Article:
In between longer blog posts I plan to answer questions I receive about geography and Afghanistan.  If you have a question you want asked feel free to comment, e-mail at catholicgauze [at] gmail [dot] com, or contact me via Twitter.

The first question I received comes from Dr. Robert Brinkmann.  He asks via Twitter "how about some things we look at as sustainable practices here: energy, buying local, organic food etc. Interesting comparison"

Short Answer: No

Long Answer:  Afghanistan has been in a state of war since 1979.  As such much of Afghanistan's development has been set back decades if not more.  People survive with what they can, not caring one iota if it is sustainable or not.  In much of the Pasthun Belt (eastern and southern Afghanistan along the Pakistan border) there are whole districts that lack electricity.  Some people use generators for short bursts of power at night but these people are in the minority.  Most cooking is done via charcoal with gas being available at a somewhat high cost to urban dwellers.  There have been some efforts to get rural people solar cookers but this is done because of limited energy, not because it is a green practice.

Buying local is not really an option.  Most people get food staples like rice and naan bread from the bazaars (if they are not farmers themselves).  Meat is available but it is not a daily dish.  Because much of Afghanistan is about to experience the fifth year in a row of drought shipping in food staples is a must.  USAID grain shipments and rice from Pakistan and India is feeding much of the country.  Much of this is handed out by the government but the transit mafia has a large black market share of anything that is shipped to Afghanistan.  Any potential inquiry by me into the transit mafia has been met with strong words advising me to change the line of questioning.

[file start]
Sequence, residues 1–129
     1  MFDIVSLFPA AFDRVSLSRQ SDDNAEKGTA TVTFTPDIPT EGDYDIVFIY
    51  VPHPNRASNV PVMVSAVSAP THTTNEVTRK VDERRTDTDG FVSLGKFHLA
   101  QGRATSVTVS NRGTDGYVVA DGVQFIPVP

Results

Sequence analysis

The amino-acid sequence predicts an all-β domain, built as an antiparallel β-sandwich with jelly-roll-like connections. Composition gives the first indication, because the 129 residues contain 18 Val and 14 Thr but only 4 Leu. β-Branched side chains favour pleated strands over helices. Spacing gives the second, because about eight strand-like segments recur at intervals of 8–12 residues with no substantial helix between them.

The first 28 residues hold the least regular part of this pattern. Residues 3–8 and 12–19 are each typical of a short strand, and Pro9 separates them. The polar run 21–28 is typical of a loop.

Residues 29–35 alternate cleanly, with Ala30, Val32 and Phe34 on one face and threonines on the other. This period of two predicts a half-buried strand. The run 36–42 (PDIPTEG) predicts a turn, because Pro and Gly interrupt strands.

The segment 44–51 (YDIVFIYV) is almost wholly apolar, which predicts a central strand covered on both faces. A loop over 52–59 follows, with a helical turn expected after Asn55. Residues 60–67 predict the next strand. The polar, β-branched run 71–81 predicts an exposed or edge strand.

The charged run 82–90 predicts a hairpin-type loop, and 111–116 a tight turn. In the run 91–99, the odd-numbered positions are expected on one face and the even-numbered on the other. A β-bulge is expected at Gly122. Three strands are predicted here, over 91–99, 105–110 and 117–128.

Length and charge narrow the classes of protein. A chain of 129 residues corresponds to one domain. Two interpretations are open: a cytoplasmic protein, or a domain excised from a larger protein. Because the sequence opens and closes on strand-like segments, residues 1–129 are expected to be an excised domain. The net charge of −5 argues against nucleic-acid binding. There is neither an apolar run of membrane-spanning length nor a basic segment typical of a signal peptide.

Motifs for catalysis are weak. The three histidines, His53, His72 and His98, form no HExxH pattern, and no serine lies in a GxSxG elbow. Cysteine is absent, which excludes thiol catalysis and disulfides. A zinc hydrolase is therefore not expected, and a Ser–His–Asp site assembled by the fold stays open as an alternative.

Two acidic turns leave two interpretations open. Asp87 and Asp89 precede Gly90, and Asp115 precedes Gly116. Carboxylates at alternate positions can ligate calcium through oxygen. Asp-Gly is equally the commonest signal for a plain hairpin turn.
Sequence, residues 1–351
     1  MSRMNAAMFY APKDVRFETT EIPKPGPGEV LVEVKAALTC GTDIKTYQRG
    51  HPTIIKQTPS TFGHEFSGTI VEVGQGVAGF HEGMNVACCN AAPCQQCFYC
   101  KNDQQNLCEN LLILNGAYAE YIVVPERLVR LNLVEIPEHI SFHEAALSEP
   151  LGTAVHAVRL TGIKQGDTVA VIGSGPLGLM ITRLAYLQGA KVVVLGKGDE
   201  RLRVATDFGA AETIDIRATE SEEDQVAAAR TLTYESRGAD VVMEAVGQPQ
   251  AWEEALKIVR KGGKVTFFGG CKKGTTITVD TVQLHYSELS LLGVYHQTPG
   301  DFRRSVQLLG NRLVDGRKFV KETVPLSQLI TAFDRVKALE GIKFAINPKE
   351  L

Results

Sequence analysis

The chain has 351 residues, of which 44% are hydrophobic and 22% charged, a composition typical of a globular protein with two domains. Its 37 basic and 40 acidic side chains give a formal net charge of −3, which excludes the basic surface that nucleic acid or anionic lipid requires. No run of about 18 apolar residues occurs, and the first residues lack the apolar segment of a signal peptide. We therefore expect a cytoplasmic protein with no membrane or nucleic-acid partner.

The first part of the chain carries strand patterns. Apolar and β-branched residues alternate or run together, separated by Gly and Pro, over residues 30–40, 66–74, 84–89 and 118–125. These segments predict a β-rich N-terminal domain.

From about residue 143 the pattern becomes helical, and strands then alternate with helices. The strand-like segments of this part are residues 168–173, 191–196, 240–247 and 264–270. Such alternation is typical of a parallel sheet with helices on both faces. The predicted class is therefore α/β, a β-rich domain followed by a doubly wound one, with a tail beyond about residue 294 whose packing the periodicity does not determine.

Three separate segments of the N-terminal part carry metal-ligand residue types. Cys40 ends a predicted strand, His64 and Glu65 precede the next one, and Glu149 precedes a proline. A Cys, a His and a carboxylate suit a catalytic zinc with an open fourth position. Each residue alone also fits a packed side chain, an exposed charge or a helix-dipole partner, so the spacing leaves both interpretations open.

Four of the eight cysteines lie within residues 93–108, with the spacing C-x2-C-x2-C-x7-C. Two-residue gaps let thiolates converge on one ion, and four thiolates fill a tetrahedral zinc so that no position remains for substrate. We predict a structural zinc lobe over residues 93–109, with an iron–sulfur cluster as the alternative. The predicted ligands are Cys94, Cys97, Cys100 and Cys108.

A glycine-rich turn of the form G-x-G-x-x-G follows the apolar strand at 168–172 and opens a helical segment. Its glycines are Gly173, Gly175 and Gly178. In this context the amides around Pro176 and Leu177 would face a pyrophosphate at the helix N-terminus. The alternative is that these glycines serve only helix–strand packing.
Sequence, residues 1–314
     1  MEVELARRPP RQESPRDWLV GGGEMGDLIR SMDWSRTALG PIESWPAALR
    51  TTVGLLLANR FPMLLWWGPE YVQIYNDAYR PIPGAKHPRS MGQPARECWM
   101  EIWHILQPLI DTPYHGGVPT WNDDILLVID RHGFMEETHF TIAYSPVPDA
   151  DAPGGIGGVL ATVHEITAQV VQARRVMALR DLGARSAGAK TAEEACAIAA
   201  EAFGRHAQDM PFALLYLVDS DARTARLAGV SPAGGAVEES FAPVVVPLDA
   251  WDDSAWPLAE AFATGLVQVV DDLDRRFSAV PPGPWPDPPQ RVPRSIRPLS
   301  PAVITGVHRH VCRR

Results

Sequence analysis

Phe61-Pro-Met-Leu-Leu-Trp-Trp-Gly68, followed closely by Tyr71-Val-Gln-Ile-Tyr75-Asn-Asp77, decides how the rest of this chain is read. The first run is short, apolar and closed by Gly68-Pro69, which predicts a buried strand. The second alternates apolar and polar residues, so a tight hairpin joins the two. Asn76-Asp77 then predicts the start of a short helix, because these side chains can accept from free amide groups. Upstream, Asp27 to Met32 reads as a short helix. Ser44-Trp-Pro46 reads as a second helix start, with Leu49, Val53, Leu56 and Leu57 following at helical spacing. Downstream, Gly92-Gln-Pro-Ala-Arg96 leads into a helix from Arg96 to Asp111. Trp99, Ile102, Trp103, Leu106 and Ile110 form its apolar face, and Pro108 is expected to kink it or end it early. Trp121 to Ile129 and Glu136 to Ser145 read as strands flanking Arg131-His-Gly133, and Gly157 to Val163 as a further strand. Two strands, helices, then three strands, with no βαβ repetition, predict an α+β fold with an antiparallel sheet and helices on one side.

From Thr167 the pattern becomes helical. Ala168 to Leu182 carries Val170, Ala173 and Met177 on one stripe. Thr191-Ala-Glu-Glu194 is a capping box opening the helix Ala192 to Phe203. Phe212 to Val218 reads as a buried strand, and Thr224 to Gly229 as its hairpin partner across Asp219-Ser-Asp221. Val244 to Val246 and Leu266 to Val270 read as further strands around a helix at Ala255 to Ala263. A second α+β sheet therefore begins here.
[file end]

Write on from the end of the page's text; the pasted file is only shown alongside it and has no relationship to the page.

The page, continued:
As for organic, from the short time I have talked to farmers I am sure they would use any sort of fertilizer that could give them enough crops to feed their families.

Coming up next:  Smeeko's question on what Afghans want

Sunday, January 02, 2011

Afghanistan Diary Note: An Afghan Insult Against Pakistan

Afghan shop owner to me as we were discussing his price for various flags:  "Pakistan (pwfff), my grandfather is older than that country."

Pakistan's Independence: 1947
Afghanistan's Independence:  Hard to say as parts of the country have been doing their own thing with only nominal outside oversight since historical records began.

Saturday, January 01, 2011

January 2011 Travel Photo: Pashtun Children on a Qalat Wall

This is one of the first photos I took in Afghanistan.  It is of Pashtun Afghan children looking down on me from the walls of their qalat (mud, walled-compound) which the majority of rural Pashtuns live in.  I got the feeling I was being watched not only by these children but by Afghanistan in general.

I am very busy most of the time; however, blogging has provided me with a nice mental outlet.  If you have any suggestions for a blog post you want do dealing with Afghanistan please comment.

Happy New Year!